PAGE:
Is It Time for a New “Ism”?
Decades have passed since a single idea has held as much sway over as many areas of Western culture as Modernism did in the 20th century. But with a new book, two Dutch-born, U.S.-based authors, Michiel Schwarz and Joost Elffers, say that a force has emerged that will dominate the culture of this century, shaping everything from design to politics to grocery shopping.
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Drawing on notions of sustainability found in disciplines from construction to farming, Schwarz and Elffers posit that a common outlook has emerged that weaves together complementary perspectives on localism, globalism, ecology, and digital media. The authors call it “Sustainism,” and they believe it will become nothing less than an epoch-defining idea.
Sustainism is the New Modernism: A Cultural Manifesto for the Sustainist Era makes their case with short texts punctuated by quotations, aphorisms, and other writings—by authors from Paul Hawken to Buckminster Fuller to Barack Obama—compiled predominantly by Schwarz, a sociologist and consultant. The text is illuminated with symbols drawn by Elffers, a designer and book packager. The authors present each grouping under big-idea headlines, such as “Sustainist Cities,” “Sustainist Time,” and even “Sustainist Religion,” articulating their premises in poetic assemblage rather than straight prose.
GreenSource: Why introduce the idea of “Sustainism” over and above what we commonly call sustainability?
Michiel Schwarz: A shorthand that I’ve been using for “Sustainism” is that it’s where connectivity, localism, and sustainability meet. One of the ideas we live by in the 21st century is ecological sustainability, but we also need to take into account new forms of localism and a connected world.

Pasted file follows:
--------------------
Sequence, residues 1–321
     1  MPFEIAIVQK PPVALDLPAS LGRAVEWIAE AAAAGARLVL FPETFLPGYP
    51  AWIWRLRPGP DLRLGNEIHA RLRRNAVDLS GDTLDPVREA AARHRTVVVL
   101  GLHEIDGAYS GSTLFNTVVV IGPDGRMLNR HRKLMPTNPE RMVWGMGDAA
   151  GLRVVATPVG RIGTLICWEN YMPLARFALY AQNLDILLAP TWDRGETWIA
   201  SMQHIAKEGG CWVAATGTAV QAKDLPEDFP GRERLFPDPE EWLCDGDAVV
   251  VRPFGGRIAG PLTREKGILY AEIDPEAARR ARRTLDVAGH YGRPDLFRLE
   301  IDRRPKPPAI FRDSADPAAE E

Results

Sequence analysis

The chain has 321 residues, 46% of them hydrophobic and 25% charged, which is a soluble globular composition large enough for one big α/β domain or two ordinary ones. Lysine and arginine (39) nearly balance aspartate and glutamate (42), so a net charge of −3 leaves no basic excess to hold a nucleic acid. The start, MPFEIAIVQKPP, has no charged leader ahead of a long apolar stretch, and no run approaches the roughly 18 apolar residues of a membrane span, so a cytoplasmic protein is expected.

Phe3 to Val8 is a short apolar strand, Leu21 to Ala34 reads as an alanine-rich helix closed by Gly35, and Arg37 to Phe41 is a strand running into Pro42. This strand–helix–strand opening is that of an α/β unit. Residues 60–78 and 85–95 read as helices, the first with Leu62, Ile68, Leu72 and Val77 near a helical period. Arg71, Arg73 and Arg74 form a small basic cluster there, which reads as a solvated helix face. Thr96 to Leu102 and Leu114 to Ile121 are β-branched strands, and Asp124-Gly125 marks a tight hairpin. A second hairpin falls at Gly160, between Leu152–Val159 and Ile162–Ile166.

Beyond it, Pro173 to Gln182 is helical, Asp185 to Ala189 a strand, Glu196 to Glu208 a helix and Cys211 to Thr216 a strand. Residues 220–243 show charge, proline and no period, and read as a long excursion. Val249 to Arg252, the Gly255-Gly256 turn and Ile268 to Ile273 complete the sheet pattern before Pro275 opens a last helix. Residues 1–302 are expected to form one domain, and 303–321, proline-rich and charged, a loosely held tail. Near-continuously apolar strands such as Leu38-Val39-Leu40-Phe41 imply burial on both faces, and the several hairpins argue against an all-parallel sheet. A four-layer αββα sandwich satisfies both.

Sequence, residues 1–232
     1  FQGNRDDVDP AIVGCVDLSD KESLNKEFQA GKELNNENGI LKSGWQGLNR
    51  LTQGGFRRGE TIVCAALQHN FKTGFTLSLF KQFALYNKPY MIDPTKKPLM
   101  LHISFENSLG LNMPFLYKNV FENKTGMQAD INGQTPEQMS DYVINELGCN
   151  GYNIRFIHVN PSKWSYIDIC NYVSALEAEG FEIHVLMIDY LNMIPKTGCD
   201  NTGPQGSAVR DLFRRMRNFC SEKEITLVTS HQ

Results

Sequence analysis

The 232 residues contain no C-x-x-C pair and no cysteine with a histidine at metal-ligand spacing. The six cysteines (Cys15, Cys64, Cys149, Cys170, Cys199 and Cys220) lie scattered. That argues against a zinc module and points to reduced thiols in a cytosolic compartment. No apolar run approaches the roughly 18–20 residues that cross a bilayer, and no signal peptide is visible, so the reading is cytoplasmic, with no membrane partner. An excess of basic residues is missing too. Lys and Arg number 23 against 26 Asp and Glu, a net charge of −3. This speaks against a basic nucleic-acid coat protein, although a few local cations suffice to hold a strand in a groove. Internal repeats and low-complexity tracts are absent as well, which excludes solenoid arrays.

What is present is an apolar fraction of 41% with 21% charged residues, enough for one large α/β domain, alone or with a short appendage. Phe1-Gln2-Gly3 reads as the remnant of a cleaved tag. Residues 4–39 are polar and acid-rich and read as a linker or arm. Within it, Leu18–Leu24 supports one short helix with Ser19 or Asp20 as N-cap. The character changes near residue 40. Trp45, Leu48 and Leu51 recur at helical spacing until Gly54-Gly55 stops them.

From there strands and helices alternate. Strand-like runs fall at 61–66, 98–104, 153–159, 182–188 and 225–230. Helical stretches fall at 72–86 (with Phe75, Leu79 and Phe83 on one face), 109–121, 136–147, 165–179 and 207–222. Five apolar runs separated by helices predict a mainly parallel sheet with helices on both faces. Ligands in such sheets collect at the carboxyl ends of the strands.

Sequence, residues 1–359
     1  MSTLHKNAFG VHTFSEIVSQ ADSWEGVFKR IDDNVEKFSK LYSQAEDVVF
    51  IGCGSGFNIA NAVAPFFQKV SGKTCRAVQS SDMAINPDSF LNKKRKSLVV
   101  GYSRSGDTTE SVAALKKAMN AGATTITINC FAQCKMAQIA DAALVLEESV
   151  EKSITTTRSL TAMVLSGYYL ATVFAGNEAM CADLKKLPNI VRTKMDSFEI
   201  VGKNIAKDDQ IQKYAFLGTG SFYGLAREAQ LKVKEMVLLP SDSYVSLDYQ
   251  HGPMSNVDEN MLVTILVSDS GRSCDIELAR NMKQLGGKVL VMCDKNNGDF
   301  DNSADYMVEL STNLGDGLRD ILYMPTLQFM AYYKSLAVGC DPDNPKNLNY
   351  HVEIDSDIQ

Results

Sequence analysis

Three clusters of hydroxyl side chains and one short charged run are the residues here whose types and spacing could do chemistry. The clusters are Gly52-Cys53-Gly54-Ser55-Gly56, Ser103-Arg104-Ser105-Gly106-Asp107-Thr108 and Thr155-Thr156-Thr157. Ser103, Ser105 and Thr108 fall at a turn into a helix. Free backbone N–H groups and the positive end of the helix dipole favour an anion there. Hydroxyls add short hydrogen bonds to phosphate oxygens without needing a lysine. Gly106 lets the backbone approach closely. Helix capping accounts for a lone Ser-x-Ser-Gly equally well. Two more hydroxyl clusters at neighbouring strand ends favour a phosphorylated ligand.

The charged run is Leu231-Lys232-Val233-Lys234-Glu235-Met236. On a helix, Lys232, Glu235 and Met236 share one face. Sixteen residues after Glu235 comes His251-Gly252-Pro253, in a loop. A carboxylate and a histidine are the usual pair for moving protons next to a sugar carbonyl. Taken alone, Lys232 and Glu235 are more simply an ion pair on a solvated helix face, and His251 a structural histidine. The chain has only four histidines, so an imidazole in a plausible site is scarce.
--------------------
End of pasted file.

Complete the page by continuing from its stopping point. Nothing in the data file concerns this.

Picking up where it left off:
GS: “Sustainism” is an awkward name. How did you arrive at it?
Joost Elffers: At first, we didn’t like the name. Then over the course of a year, we met at least 20 people who also hated the name. They all said they would come back tomorrow with a better one. But they could never come back with anything, and in the end, it grew on us.
GS: Why make your point by pairing short texts with symbols, rather than, say, writing an essay?
MS: The form of the book shows a connection between what’s happening in, say, food culture, or in business, or in perspectives on time that normally wouldn’t be under the caption of sustainable design. It’s very much about gathering things into a single perspective. A really good example is the symbol that Joost designed for “the local.” It’s a hexagon, but an open hexagon. It started as a citadel, in the spirit of farmers markets and local production, but it’s open because we live in an interconnected world. In that one symbol, we have the old citadel, where you have your place-based integrity and culture, and the open-source, network-connected world.
JE: We also see the book itself as a symbol on the table, marking the beginning point of an era. If you are knowledgeable in the field, you know every line in the book. The form of the book puts a grammar to your perspective.
GS: What do you want someone involved in the building industry to take away from the book?
MS: They should take three things from it: One is seeing connections between what they do and other fields. The second is inspiration toward new creative solutions derived from those connections. And the third is the knowledge that sustainable building is part of this cultural wave. That they’re at the core of this new thing is almost a form of empowerment. It’s a challenge. It’s an opportunity.